The following is a statement from NASA Administrator Michael Griffin on the tragic death of famed test pilot Albert Scott Crossfield.

“Scott Crossfield was a true pioneer whose daring X-15 flights helped pave the way for the space shuttle. NASA remembers Scott not only as one of the greatest pilots who ever flew, but as an expert aeronautical engineer, aerodynamicist, and designer who made significant contributions to the design and development of the X-15 research aircraft and to systems test, reliability engineering, and quality assurance for the Apollo command and service modules and Saturn V second stage. Today, those of us in the aeronautics and space communities extend our condolences and deepest sympathies to Scott’s family.”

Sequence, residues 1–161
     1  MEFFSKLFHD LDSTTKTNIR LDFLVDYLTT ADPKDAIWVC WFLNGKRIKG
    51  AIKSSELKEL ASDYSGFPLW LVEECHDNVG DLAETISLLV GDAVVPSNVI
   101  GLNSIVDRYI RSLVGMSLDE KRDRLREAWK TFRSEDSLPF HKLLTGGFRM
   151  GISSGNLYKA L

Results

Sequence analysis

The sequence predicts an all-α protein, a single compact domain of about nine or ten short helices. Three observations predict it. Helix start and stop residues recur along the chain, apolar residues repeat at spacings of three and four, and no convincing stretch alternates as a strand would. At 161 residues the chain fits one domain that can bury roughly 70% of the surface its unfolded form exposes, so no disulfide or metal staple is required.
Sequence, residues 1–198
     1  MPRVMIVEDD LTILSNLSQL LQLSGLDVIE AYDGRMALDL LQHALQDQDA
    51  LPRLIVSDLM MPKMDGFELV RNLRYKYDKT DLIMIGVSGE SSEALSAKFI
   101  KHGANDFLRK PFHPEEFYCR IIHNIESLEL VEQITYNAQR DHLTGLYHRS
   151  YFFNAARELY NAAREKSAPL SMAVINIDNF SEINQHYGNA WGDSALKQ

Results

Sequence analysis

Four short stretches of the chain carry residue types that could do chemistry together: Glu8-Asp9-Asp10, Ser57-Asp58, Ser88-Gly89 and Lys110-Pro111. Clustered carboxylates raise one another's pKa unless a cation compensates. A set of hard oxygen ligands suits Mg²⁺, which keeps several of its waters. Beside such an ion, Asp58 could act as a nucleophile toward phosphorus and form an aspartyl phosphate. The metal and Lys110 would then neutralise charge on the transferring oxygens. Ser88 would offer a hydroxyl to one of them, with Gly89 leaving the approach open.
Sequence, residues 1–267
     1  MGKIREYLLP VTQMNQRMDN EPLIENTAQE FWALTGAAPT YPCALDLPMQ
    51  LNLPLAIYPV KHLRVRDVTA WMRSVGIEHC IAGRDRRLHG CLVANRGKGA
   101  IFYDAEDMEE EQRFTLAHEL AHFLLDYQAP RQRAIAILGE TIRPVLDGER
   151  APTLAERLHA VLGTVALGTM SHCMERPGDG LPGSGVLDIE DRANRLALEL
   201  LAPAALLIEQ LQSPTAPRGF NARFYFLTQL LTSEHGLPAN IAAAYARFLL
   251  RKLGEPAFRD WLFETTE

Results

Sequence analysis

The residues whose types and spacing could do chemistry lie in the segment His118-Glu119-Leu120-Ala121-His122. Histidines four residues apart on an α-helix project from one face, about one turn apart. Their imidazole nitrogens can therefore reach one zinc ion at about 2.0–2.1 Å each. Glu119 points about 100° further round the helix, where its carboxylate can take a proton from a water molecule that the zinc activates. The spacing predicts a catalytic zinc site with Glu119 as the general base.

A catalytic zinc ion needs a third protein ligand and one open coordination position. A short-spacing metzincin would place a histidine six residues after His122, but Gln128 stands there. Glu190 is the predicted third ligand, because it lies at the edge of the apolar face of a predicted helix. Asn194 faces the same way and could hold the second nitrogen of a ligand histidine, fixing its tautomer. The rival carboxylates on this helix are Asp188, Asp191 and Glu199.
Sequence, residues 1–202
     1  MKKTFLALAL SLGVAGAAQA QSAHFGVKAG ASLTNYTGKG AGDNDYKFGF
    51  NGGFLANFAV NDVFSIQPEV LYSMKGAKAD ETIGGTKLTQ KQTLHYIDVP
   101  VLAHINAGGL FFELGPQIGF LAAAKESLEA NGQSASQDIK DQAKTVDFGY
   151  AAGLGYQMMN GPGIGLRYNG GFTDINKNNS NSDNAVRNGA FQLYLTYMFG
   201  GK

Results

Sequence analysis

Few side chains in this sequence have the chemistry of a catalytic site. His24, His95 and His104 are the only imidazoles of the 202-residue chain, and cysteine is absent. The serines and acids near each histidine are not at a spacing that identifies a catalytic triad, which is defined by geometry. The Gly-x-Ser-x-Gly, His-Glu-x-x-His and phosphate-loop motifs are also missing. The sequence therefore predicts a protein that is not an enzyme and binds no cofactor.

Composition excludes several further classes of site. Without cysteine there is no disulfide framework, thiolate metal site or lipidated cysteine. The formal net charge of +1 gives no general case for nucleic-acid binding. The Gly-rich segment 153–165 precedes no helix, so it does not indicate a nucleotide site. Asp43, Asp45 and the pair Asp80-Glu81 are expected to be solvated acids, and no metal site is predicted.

Crossfield made aeronautical history in 1953 when he reached a speed of more than 1,320 mph, or Mach 2, in a Douglas D-558-II Skyrocket. He played an important role in the agency’s highly successful X-15 research aircraft program in the late 1950s and early 1960s. He flew most of the early experimental X-series research aircraft for NASA’s predecessor, the National Advisory Committee for Aeronautics.

In 1993, Crossfield was honored with the NASA Distinguished Public Service Medal for his contributions to aeronautics research and development over his historic 50 year career.

For additional information about Crossfield and his contributions to aeronautics visit,